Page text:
Language and Logical Positivism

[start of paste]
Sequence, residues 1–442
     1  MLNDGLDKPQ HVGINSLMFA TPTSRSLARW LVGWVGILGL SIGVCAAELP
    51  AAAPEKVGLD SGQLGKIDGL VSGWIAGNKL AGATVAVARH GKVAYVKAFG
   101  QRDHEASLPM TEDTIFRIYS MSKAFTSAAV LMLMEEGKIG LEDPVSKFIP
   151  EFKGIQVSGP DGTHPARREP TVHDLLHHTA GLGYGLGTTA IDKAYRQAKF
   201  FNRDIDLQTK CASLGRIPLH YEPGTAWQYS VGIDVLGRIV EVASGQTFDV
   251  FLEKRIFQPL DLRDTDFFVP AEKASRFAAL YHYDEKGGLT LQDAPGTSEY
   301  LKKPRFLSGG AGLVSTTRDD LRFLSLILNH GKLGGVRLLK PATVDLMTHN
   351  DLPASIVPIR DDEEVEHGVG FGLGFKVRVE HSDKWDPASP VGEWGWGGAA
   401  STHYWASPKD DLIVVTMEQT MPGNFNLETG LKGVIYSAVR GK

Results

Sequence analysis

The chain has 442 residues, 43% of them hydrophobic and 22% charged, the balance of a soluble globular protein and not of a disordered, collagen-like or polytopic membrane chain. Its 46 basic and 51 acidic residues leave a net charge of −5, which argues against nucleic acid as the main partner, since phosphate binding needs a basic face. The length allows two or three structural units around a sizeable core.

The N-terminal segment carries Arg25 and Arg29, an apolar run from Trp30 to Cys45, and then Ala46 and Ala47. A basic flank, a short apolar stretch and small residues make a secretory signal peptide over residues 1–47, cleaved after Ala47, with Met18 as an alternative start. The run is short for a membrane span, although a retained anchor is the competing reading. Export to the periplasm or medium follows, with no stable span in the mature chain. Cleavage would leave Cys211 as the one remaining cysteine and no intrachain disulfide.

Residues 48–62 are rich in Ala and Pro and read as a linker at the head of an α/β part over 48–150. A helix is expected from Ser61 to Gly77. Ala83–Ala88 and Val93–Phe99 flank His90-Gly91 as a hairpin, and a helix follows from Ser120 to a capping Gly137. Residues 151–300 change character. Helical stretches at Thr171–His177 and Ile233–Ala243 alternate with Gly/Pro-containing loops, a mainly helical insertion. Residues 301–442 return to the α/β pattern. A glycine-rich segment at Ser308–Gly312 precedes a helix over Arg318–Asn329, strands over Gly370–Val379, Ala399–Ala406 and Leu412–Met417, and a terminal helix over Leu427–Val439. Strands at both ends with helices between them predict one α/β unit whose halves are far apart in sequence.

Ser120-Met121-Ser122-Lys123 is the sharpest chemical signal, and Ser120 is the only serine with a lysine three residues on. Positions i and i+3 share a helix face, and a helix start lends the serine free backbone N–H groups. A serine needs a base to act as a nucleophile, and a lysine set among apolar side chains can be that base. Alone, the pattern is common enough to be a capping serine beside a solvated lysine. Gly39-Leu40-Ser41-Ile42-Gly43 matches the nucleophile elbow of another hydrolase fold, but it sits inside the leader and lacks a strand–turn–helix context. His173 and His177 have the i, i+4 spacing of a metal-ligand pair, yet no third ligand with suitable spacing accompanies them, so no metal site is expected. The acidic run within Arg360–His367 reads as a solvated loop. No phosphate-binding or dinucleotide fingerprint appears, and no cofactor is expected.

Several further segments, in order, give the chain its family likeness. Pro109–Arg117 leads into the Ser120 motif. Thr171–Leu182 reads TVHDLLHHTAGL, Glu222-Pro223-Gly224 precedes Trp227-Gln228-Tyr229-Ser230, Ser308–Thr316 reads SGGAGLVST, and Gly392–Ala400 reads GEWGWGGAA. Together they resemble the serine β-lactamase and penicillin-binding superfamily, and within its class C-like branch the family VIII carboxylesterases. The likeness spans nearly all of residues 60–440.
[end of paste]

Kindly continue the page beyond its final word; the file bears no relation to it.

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If asked “What is language?” one would try to define it in his or her own words or possibly look the word up in the dictionary. Language, by definition, is “the words, their pronunciation, and the methods of combining them used and understood by a community” (Merriam-Webster). Though the association between this word and its simple definition is what would be widely accepted by our society, philosophers or more specifically logical positivists would argue against the simplicity of language. According to the man who pioneered the logical positivist movement, Ludwig Wittgenstein, “Language is a part of our organism and no less complicated than it” (Wittgenstein). But first, we must have an understanding of what logical positivism is and what this school of philosophy believes. Logical positivists’ view is solely based on something called verification and meaning. To understand what verification and meaning is, there are two other very vital elements in understanding logical positivism: tautologies and empirical statements. Tautologies are statements that are known to be true through logical analysis or the meaning of words. For instance, mathematics would be a tautology because it is a logical truth, as well as an existing statement that would say that water is H2O. On the other hand, an empirical statement is almost the exact opposite. Empirical statements are statements known to be true through observation only. An example of an empirical statement would be to say that a man is wearing a black coat. Surely, a person can observe the statement that that same man is indeed wearing a black coat if he or she actually saw the man. But even if our eyes tell us that it is a black coat, how do we really know if the coat is a black coat or not? Since there is no real way, scientifically nor mathematically, in proving that his coat is actually black, we must assume that the statement is an empirical statement. Now that tautologies and empirical...
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